Ideological colonization, therefore, is smarter and more covert than terrorism. Bullets do not have to be fired. No one loses their head, at least not literally, but figuratively through acceptance of seductively packaged but empty ideas.

    European decline

    Indeed, such persecution goes unchecked and becomes ubiquitous when terrorism appears to be the real tangible enemy. And with as many as 81 countries that now have anti-Christian policies and education in place, the potential victims are in the billions. Much more than the 100 million estimated during the peak of communist dictatorships.

    Many would say that this mini-Golden Age of Liberty has already ended.

    In Europe, there are so many new anti-Christian laws and government programs that the Hungarian government has established a new office for the persecution of Christians within its Ministry for Human Resources, while a special envoy for religious freedom was recently established within the European Union.

    The problem is most noteworthy in Belgium, where religion classes in primary and secondary schools of its French-speaking regions have been eliminated as of last October. What have they been replaced with? A weekly class on citizenship. It does not seem like a total loss, especially if religion can be taught at parishes and inside homes. But these citizenship classes, to a large extent, advocate euthanasia, alternative gender theory, same-sex attraction, and address other social issues that directly oppose Christian moral teachings. What is more, the classes cannot be taught by teachers who are considered “non-neutral.” This, in effect, means that if a teacher has earned a degree from a Catholic or a religious university, he is automatically barred from instruction.

    In nearby France, a bill adopted last December 2 has extended laws making "interference" with abortion to cover digital media. It is now a crime to publish pro-life websites, with violators facing two-year jail terms and €30,000 in fines. The Christian faithful are enraged and rallying behind the staunchly pro-life Les Républicains candidate, Francois Fillon, during this year’s presidential elections.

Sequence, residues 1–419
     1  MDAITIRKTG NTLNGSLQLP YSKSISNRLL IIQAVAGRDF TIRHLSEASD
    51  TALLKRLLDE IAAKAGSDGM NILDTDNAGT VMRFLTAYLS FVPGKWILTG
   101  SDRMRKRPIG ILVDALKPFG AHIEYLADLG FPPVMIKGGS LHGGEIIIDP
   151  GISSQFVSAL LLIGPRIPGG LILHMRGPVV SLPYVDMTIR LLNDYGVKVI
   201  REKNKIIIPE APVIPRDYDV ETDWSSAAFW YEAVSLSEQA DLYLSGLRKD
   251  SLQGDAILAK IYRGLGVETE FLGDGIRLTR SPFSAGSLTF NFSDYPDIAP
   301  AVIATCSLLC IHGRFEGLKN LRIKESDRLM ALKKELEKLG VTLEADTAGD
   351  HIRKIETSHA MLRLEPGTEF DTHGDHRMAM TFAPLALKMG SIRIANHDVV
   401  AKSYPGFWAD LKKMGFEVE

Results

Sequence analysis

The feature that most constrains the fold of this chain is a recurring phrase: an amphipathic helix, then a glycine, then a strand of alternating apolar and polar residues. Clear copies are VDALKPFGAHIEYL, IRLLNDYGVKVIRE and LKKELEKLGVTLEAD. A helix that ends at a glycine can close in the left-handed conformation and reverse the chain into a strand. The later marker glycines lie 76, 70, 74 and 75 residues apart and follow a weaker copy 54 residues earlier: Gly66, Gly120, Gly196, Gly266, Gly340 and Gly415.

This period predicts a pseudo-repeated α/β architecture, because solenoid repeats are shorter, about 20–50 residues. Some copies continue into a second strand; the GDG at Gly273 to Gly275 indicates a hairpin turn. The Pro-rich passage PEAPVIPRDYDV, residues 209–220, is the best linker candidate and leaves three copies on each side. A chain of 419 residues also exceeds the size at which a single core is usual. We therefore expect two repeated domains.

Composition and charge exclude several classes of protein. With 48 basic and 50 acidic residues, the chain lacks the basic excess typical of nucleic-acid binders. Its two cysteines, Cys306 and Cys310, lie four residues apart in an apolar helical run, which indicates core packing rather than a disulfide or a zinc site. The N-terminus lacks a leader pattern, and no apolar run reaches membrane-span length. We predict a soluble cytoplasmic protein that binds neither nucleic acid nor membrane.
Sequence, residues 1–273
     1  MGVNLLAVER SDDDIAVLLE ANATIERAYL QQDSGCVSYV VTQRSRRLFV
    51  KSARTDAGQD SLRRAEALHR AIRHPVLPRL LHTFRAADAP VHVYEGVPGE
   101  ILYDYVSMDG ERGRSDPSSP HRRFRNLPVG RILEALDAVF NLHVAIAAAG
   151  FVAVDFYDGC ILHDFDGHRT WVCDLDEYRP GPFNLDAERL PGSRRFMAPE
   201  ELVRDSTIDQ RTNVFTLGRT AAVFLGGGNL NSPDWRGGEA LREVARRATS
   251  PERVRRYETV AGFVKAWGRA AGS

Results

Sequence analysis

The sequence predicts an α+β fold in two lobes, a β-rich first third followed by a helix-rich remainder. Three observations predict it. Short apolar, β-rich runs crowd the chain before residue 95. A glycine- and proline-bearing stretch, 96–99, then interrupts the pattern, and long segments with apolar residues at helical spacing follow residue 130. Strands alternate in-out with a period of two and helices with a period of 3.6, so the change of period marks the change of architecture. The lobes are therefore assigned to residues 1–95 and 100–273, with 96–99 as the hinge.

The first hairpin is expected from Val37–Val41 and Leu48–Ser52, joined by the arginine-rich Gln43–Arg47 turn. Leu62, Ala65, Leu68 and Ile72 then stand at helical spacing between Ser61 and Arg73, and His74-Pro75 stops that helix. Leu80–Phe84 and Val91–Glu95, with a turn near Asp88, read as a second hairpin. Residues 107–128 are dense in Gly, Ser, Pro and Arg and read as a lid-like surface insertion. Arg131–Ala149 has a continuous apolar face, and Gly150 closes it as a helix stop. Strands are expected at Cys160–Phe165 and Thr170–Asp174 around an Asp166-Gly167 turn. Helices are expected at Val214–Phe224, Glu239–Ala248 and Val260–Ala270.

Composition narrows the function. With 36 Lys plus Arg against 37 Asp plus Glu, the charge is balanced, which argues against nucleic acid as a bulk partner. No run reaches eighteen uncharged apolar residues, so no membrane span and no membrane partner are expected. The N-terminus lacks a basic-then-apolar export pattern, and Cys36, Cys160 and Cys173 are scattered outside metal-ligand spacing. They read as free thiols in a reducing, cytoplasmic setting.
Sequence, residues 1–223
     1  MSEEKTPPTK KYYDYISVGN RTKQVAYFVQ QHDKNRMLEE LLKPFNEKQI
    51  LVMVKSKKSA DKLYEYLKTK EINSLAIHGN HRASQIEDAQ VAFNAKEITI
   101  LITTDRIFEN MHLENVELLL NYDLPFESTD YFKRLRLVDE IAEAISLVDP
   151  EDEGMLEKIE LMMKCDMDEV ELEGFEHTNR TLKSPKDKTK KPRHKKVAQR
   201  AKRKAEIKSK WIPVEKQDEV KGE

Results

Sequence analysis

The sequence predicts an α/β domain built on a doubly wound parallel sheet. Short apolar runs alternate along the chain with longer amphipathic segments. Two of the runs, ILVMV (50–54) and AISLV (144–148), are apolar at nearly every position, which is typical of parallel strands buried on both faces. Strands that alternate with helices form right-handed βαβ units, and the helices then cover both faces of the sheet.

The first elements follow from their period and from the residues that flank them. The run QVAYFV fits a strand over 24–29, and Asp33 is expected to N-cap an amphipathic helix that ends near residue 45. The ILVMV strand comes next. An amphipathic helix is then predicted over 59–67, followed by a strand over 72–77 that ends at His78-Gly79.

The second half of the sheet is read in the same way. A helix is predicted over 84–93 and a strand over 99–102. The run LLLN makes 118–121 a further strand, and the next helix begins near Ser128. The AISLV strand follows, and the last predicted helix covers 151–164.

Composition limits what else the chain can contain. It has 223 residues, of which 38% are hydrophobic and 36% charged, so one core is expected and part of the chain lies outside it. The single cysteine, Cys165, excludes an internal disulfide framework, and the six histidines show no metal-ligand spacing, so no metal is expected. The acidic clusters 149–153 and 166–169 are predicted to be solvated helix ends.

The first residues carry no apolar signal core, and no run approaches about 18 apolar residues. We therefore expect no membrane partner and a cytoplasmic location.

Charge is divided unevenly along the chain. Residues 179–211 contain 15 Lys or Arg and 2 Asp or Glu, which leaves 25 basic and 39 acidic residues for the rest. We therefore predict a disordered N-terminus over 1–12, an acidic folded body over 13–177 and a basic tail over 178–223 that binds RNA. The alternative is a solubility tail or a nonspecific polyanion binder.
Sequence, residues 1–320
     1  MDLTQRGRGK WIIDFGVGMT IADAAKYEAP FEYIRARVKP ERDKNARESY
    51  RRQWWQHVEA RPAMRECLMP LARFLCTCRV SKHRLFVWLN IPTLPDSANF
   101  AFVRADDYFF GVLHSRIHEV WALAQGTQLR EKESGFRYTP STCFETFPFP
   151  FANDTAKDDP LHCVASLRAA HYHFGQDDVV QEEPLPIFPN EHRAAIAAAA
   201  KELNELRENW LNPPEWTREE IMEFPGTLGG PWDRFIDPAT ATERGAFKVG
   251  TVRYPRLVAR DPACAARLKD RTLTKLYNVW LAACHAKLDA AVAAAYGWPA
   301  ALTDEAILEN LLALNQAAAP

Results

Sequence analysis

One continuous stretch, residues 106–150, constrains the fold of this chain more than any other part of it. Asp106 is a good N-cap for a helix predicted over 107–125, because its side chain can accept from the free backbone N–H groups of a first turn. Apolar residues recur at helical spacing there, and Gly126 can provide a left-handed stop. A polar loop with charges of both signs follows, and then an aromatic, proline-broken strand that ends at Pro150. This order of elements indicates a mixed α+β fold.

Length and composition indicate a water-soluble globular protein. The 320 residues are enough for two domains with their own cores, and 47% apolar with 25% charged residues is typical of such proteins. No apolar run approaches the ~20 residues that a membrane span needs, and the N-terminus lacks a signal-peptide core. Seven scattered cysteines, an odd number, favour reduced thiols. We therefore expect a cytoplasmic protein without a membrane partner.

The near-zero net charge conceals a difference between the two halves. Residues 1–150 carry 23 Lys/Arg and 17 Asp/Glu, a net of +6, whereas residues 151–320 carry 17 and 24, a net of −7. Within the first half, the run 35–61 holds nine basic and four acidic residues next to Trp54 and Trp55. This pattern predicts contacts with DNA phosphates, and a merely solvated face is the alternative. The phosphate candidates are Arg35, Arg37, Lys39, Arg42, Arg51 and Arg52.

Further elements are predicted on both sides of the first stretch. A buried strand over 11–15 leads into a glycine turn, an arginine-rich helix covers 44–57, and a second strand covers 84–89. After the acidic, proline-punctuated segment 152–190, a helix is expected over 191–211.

In the United Kingdom, parliament has granted the Office for Standards in Education, Children's Services and Skills wide-ranging legal power to investigate any didactic setting in Britain that provides instruction to children for more than six to eight hours a week. Under this new law, even Sunday schools, Church youth groups, Bible clubs, and parochial schools may be monitored for compliance to proper "educational values" – as defined by the Office’s secular norms.

    Ideological colonization has gained traction all throughout Europe, not just because of clever propaganda, media and educational policy, but because the timing is right. Christians are being literally locked out as part of "managed decline" over the past 40 years. As of 2015, the Church of England has been closing chapels at a rate of 20 a year. The German Catholic Bishops Conference has shut down a total of 515 churches over the past few decades. This crisis has reached its peak in the Netherlands, where an estimated two-thirds of the nation’s 1,600 churches will be shut down by 2027.

    A glimmer of hope?

    All said, there may be some glimmer of hope from recent popular movements and referenda that have defended religious freedom, the nuclear family, the sanctity of life, and marriage in countries once dominated by atheist regimes, such as in Romania, Slovenia, and Poland. Unfortunately, their successes have not created momentum in neighboring ex-Eastern Bloc countries, as testified by the Ukrainian bishops’ open letter.

    Their courageous fight is overshadowed, not just by the currently successful “polite” ideological colonization programs highlighted above, but now by overt hate movements led by Femen and the EU’s bully pulpit calling for removals of all “religious bias,” such as crucifixes in courthouses and Christian public holidays.

    Sadly, we are witnessing the basic ingredients that made for such an easy cultural coup by Marxist leaders in Europe one hundred years ago. The way for concerned Christians to counter is a bold, missionary faith and fervent prayer. The time for “lukewarm” witness is over.

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    Michael Severance earned his B.A. in philosophy and humane letters from the University of San Francisco, where he also studied at the university's St. Ignatius Institute, a great books program.  He then pursued his linguistic studies in Salamanca, Spain where he obtained his Advanced Diploma in Spanish from Spain's Ministry of Education before obtaining his M.A. in Philosophy and Modern Languages from the University of Oxford.  While living in Italy, Michael has worked in various professional capacities in religious journalism, public relations, marketing, fundraising, as well as property redevelopment and management.  As Istituto Acton's Operations Manager, Michael is responsible for helping to organize international conferences, increase private funding, as well as expand networking opportunities and relations among European businesses, media and religious communities, while managing the day-to-day operations of the Rome office.

    Andrea Gagliarducci is an Italian-based freelance writer for covers the Vatican for Italian press. He is also the author of three books: La Musica dell’altro (Pazzini Editore), Propaganda Fide R.E. (IlSaggiatore), and Giovanni Paolo II. Storia di un annuncio (Libreria Editrice Vaticana).